isUserInRole() returns a boolean indicating whether the authenticated user is included in the specified role.

getUserPrincipal() returns a object containing the name of the current authenticated user.

Methods of Java EE container security.

In Java EE, the component containers are responsible for providing application security. A container provides two types of security: declarative and programmatic.

Declarative security is the preferred method, which expresses application security requirements via configuration parameters found in the application servers web.xml configuration file. Also, Annotations can be used in the code.

In programmatic policy enforcements, to check authentication/authorization you may have to call isUserInRole() every time you need to execute a particular function. This is okay for small scale applications but not for large enterprise-scale applications.

List a few annotations relevant to container security.

The @ServletSecurity annotation provides an alternative mechanism for defining access control constraints for the whole servlet. These annotations provide an alternative mechanism for specifying security constraints declaratively by elements in the web.xml file.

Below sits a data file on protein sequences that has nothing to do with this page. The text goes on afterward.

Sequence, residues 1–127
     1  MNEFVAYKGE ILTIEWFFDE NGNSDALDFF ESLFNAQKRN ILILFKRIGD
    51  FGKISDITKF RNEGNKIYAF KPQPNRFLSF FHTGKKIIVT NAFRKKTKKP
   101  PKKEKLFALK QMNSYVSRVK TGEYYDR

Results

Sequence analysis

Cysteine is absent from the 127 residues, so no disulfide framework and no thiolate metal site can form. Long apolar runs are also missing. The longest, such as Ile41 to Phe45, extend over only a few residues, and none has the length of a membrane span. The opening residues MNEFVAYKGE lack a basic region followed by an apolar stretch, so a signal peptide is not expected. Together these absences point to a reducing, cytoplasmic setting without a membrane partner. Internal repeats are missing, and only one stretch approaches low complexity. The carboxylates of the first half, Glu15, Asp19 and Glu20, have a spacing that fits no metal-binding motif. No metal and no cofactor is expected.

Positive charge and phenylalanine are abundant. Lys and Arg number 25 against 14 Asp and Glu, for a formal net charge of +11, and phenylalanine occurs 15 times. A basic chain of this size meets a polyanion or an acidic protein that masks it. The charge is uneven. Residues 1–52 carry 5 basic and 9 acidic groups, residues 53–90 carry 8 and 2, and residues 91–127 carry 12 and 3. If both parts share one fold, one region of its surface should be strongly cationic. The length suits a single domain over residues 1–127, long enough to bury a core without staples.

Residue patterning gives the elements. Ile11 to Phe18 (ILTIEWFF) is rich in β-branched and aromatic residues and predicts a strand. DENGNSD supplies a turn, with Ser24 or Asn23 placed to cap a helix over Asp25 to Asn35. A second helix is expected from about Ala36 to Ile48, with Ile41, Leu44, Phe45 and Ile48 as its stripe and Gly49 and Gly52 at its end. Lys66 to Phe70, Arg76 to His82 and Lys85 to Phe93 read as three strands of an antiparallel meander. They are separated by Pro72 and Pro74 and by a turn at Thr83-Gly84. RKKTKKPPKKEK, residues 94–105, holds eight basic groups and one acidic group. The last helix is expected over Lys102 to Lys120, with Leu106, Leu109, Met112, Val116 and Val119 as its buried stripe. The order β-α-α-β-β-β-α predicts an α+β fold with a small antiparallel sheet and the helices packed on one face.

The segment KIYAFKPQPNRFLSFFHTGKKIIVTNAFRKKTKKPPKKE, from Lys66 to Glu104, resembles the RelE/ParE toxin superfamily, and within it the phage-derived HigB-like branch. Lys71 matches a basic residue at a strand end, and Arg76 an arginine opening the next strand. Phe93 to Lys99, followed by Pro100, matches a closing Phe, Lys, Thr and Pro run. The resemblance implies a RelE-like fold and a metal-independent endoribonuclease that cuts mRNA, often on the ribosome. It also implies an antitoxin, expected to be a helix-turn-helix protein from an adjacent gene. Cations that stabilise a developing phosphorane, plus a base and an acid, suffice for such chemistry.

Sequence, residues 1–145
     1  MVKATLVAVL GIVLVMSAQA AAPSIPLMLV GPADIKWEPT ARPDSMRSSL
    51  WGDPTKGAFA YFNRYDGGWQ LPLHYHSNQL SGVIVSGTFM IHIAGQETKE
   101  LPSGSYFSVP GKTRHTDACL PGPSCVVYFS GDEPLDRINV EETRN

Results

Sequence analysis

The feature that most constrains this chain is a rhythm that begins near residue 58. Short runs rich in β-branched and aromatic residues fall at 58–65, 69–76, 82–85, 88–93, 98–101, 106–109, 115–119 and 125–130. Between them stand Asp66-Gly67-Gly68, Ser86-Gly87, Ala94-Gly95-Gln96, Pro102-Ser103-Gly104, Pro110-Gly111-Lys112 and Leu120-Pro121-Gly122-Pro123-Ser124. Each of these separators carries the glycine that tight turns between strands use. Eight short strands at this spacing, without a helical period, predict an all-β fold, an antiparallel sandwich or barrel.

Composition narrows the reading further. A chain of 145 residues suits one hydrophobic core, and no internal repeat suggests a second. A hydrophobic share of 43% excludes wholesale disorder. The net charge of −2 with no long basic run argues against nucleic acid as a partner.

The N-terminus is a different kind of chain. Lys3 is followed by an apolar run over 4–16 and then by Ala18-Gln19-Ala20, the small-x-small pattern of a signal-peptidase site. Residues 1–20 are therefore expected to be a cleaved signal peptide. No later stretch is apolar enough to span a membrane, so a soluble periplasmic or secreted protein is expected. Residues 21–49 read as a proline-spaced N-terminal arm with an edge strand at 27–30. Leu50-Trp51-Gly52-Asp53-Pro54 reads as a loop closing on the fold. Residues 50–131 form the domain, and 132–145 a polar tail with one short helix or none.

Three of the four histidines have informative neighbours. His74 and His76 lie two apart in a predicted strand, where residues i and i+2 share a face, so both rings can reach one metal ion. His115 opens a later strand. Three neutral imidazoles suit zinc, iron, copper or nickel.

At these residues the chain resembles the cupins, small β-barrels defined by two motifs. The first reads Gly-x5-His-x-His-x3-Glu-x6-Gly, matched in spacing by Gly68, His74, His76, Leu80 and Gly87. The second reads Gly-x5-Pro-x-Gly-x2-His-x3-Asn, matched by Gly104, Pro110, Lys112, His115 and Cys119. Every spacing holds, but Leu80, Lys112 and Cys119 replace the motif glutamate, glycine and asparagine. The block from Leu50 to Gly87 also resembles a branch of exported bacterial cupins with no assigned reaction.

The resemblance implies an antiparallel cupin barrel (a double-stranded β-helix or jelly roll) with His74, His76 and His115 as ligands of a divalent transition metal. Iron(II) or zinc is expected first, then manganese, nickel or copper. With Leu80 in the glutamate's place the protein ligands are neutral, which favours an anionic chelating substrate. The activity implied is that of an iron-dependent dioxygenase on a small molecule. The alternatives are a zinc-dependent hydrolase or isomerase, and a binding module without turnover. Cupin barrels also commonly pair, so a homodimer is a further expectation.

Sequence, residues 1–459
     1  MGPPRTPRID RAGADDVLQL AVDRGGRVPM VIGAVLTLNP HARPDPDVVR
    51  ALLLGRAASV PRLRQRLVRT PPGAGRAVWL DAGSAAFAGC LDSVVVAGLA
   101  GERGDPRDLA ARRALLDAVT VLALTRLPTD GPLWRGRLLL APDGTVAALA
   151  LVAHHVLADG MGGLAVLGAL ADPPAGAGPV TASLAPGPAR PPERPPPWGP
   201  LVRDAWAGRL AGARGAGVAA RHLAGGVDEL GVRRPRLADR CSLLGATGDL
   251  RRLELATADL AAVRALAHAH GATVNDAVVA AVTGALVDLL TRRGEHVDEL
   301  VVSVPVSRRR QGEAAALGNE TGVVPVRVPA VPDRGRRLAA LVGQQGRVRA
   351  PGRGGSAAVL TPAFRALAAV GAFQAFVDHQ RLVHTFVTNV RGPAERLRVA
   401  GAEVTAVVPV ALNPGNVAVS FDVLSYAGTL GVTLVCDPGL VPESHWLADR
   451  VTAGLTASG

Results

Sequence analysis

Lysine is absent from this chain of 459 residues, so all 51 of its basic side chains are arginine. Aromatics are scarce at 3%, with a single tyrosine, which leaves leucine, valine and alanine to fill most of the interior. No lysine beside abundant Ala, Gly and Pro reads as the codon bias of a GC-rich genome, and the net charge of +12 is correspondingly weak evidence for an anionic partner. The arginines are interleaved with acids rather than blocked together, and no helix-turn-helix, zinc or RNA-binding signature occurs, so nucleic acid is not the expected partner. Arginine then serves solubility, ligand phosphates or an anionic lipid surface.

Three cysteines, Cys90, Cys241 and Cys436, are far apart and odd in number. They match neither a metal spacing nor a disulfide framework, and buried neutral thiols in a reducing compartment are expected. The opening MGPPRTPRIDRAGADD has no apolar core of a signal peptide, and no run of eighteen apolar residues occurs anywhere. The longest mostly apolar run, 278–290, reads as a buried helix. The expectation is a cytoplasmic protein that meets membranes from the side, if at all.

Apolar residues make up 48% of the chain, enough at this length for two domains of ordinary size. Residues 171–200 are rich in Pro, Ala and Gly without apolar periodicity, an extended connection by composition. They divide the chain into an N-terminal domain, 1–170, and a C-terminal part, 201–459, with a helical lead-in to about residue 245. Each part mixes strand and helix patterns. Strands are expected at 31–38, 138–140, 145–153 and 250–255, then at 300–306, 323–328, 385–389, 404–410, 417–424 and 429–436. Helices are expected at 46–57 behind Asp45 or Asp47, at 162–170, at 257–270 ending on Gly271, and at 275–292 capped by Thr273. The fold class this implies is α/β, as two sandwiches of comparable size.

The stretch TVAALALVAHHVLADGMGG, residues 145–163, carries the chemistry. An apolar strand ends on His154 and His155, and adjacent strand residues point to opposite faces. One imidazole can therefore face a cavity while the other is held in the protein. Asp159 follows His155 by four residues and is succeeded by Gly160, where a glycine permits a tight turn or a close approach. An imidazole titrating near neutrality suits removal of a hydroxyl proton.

The @DeclareRoles annotation is used by application to declare security roles. It can be specified on a class. The value of the DeclareRoles annotation is a list of security role names.

The @DenyAll annotation specifies that no security roles are allowed to invoke the specified method(s) - i.e that the methods are to be excluded from execution in the J2EE container.

The @PermitAll annotation specifies that all security roles are allowed to invoke the specified method(s) i.e that the specified method(s) are "unchecked". It can be specified on a class or on methods. Specifying it in the class means that it applies to all methods of the class. If specified at the method level, it only affects that method.

The @RolesAllowed annotation specifies the security roles permitted to access methods in an application. This annotation can be specified on a class or on one or more methods. When specified at the class level, the annotation applies to all methods in the class. When specified on a method, the annotation applies to that method only and overrides any values specified at the class level.

The @RunAs annotation is equivalent to the <run-as> element in the deployment descriptor and allows developers to run code under the specified role.

Types of authentication methods.

There are 4 main types.

  • Basic username and password are sent in base64 in HTTP header, sent in cleartext so SSL is needed.
  • Digest MD5 digest of credentials (hashed passwords ) are sent.
  • Form-Based username/passwords are sent in POST body; need SSL.
  • Certifcate-based User sends certificate to the server; very secure and enables Mutual authentication.